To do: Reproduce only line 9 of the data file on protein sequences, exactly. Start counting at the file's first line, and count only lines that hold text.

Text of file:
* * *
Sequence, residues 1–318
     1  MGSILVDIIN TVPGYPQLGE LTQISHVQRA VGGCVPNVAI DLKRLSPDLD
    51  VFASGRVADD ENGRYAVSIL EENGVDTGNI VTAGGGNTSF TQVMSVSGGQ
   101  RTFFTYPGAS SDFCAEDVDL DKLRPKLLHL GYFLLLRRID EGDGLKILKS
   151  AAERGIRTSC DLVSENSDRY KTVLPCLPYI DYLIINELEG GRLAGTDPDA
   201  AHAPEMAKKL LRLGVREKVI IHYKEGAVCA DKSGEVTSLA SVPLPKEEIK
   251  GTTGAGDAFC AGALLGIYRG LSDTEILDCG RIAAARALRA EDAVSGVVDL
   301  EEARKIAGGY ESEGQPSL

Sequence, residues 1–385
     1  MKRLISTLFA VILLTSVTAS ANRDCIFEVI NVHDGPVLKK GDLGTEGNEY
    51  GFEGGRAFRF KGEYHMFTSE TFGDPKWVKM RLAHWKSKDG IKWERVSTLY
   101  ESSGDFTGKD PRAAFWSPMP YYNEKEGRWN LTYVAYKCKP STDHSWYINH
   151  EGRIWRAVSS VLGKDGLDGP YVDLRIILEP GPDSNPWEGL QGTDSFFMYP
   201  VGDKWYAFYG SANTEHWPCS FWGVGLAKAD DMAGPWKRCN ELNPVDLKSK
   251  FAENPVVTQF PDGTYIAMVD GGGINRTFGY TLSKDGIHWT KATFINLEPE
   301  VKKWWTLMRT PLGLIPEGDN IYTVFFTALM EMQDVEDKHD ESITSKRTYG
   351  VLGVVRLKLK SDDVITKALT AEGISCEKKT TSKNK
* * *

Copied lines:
Sequence, residues 1–385